Currency ETFs Getting More Interesting
Pimco recently made a splash in the currency world after launching the first purely actively managed currency ETF on Feb. 12.
The Pimco Foreign Currency Strategy ETF (NYSEArca: FORX) provides exposure to a basket of currencies from developed as well as emerging markets that the managers think are poised to appreciate against the dollar over the long term.
I refer to FORX as the first “purely active” currency ETF because the active strategies behind the handful of existing currency basket funds from WisdomTree are quite different from what most might traditionally consider being active management.
In both the WisdomTree Emerging Markets Fund (NYSEArca: CEW) and WisdomTree Commodity Currency Fund (NYSEArca: CCX), underlying currencies are mostly fixed and rebalanced quarterly to keep them equally weighted. I like to think of this type of strategy as “semi-active.”
On that front, the WisdomTree funds certainly follow a more disciplined selection and weighting strategy—almost like an index fund—that many investors might actually prefer.
Comparatively, FORX has a go-anywhere, choose-any-currency-with-any-weighting strategy. This can also mean the portfolio of currencies can look very different depending on the day or specific macro environment. By the way, holdings of any one currency are capped at 20 percent.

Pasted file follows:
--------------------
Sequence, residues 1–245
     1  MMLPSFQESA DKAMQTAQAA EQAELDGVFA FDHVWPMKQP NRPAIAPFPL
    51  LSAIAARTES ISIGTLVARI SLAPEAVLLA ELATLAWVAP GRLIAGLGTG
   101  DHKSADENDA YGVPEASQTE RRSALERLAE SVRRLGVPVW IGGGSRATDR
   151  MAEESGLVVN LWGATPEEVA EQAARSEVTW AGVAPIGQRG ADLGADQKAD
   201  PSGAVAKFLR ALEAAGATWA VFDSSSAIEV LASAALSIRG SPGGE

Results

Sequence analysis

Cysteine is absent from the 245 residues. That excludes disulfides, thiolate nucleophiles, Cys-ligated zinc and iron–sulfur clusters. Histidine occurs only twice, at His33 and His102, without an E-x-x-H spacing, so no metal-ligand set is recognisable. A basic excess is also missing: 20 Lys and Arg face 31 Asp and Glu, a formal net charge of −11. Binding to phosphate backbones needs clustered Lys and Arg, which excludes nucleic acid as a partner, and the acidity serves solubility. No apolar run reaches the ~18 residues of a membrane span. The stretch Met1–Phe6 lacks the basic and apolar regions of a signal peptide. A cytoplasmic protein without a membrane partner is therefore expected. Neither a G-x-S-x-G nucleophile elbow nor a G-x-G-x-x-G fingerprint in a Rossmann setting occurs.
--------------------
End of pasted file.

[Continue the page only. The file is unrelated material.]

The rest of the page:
I recently wrote about why active management can make sense in fixed-income and certain niche themes, like frontier markets. I also think active strategies are increasingly making sense in the currency space as well.
In response to the financial crisis of 2008, central bank interventions through quantitative easing programs are increasingly influencing the currency markets. As such, being selective in choosing the right currencies is becoming essential.
Switzerland and Japan are just two examples of how central bank actions can change the outlook for a currency overnight, though the yen’s plunge has been based mostly on strong political rhetoric thus far as opposed to bona fide policy moves. The European debt crisis and the European Central Bank’s actions are also heavily influencing the movements in the euro.
Noticeably absent from FORX is any euro exposure as of Feb. 13. Instead, FORX loads up on developed-country currencies like the Norwegian krone, the Swedish krone and the Canadian dollar.
The in-kind stock transaction used in the Duracell deal lies of at the heart of every ETF, and has the same benefit: tax efficiency.
Stock investors are used to splits, but why all the reverse splits in ETFs?
Falling gas prices and a strong buck may boost retail stocks, but the favorite ETF may not be the best play.
An alluring new bond ETF focused on China’s mainland credit market comes with a few caveats.